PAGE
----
Joe Biden’s ineptitude has killed off the bull market

Political leaders can’t usually create bull markets, but they can create bear ones – and this is Biden’s bust. 

It is unlikely that Joe Biden is going to start tweeting about how great the stock market is doing under his administration in the way that Donald Trump used to. He has a little too much dignity, a quality that his predecessor was noticeably short on. Even if he wanted to, however, he would struggle to find the charts to boast about. 

Just over 12 months since he moved into the White House it is already shaping up into one of the more disappointing first Presidential years, at least as far as Wall Street is concerned. The S&P 500 is up by 16pc over Biden’s first year, compared with 24pc for Trump’s, and 41pc for the opening year of Obama’s first term and 24pc for his second. 

It is likely to get much worse from here on. 

The tech heavy Nasdaq index has declined 12pc this month, on track for its worst January on record. Unless there is a swift bounce back, this will be its worst month since October 2008. 

The way the market is selling off right now, Biden may well be the first President to deliver negative returns over his time in office since George W. Bush (although, in fairness, he will have to go some way to match the 77pc decline under Herbert Hoover). 

True, market performance typically does not have much to do with the person in the White House. Obama took office right after the financial crisis of 2008. He could hardly help presiding over a recovery. George W was sandwiched between the bursting of the dot com bubble and the 2008 crash. The charts were always going to look bad. 

And yet, this crash can largely be pinned on Biden’s ineptitude. Here’s why. 

First, on taking office the President, egged on by a coterie of ultra-Keynesian economists, made a massive bet that huge spending programmes could transform American productivity and growth. More than $3 trillion was spent on everything from green energy, to new infrastructure, to stimulus cheques and higher welfare payments. The result? As even mainstream Democratic economists such as Larry Summers warned, a spike in inflation. 

With prices rising by more than 7pc annually, the fastest rate since the early 1980s, the Fed has no choice but to start a series of rate rises to bring that under control. It may well take a full-scale recession to crush inflation. But none of that would have been necessary if Biden hadn’t spent so wildly.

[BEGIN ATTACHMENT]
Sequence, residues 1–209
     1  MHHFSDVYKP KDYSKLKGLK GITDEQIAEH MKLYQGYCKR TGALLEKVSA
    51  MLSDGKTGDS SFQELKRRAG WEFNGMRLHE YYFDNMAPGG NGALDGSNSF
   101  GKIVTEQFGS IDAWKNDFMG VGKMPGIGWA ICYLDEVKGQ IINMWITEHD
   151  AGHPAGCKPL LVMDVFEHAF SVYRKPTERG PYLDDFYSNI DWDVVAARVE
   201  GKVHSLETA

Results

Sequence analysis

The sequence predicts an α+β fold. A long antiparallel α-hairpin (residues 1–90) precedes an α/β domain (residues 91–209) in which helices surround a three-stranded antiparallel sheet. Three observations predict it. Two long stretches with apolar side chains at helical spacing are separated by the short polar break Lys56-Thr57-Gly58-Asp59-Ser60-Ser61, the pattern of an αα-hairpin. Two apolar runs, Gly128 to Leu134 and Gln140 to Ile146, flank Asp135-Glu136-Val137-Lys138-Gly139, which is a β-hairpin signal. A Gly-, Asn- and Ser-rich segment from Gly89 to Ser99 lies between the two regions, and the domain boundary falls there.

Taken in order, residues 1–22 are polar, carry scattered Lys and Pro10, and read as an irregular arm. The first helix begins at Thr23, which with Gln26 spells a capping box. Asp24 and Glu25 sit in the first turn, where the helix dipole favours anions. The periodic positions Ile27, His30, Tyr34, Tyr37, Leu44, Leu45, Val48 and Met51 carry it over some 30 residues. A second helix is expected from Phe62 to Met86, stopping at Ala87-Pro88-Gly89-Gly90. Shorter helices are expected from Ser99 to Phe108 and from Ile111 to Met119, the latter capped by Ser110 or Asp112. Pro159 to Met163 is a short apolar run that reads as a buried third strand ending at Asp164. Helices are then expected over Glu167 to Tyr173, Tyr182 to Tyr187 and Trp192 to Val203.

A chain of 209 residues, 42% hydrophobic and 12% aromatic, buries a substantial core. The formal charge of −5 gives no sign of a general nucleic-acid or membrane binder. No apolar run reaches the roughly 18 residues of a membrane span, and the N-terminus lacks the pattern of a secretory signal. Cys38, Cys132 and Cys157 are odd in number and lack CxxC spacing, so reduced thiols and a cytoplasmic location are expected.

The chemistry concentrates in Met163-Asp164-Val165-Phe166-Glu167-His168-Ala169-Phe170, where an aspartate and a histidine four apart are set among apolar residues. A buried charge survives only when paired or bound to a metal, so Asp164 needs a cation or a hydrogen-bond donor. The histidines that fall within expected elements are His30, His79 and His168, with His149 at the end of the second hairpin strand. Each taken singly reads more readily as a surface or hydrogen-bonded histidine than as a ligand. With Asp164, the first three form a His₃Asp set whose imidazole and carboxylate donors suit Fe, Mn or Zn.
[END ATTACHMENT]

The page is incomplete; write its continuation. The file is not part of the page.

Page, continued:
Next, an assault on business. Biden has not managed to get it through Congress yet, but he is intent on reversing Trump’s reforms of corporate taxes and imposing one of the biggest rises in recent history. Much like the UK’s soon-to-be-catastrophic rise in corporation tax, it will start hurting the economy and the stock market before it is even introduced. 

If the government takes more of company profits, then, obviously enough, there is less left over for investment, to pay out in dividends, or for higher salaries. There is no point in being surprised when that pushes equities lower. 

Thirdly, a weak, chaotic foreign policy. The embarrassing withdrawal from Afghanistan may not have mattered much, economically. It doesn’t count for a lot in the global economy. But Biden’s clueless approach to Ukraine, along with a German leadership that seems intent on turning the country into a Russian satellite, and a French President who sees it as just another opportunity for grand-standing rhetoric, is encouraging Russia’s President Vladimir Putin to invade. 

That is already playing havoc with market confidence, but it will be a whole lot worse when it actually happens, and energy prices spiral out of control, and half of European industry closes down. Under a stronger President, a fundamentally weak Russia would respect the border. If a war starts, it is his fault. 

Finally, Biden has started an ideological crusade against the tech giants. Competition policy has been handed over to a group of previously obscure, anti-business academics, gripped by the idea that size itself is a problem, rather than the impact on consumers. 

The result? We are about to witness a series of legal actions to break up the companies that just happen to be the most successful in the world right now, and which are spending unprecedented billions on creating new technologies. 

Tech is the most innovative and vibrant sector of the American economy, and the key driver of the markets. Hit that, and you hit the stock market as well. 

Whatever else it might be, under Joe Biden the business of America is not business any more. The President doesn’t boast about the performance of the stock market the way Trump did. It is unlikely that he especially follows it (although he might like to reflect that very few Presidents have been re-elected against the backdrop of falling equity prices). But it is already clear he has killed off the bull market – and it looks unlikely there will be any recovery under his Presidency.

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